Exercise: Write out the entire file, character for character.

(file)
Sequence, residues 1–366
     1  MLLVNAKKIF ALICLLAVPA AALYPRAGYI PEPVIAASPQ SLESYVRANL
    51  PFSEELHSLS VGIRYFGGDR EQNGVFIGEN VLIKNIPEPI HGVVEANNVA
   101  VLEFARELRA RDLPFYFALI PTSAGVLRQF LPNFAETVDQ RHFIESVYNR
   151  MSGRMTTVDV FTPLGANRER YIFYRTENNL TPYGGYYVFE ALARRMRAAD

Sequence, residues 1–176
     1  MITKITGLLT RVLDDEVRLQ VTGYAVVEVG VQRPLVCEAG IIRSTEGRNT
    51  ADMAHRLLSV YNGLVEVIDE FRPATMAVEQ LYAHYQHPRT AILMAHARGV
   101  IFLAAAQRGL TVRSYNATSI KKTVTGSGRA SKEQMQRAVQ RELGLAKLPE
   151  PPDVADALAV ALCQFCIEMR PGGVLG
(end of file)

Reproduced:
Sequence, residues 1–366
     1  MLLVNAKKIF ALICLLAVPA AALYPRAGYI PEPVIAASPQ SLESYVRANL
    51  PFSEELHSLS VGIRYFGGDR EQNGVFIGEN VLIKNIPEPI HGVVEANNVA
   101  VLEFARELRA RDLPFYFALI PTSAGVLRQF LPNFAETVDQ RHFIESVYNR
   151  MSGRMTTVDV FTPLGANRER YIFYRTENNL TPYGGYYVFE ALARRMRAAD

Sequence, residues 1–176
     1  MITKITGLLT RVLDDEVRLQ VTGYAVVEVG VQRPLVCEAG IIRSTEGRNT
    51  ADMAHRLLSV YNGLVEVIDE FRPATMAVEQ LYAHYQHPRT AILMAHARGV
   101  IFLAAAQRGL TVRSYNATSI KKTVTGSGRA SKEQMQRAVQ RELGLAKLPE
   151  PPDVADALAV ALCQFCIEMR PGGVLG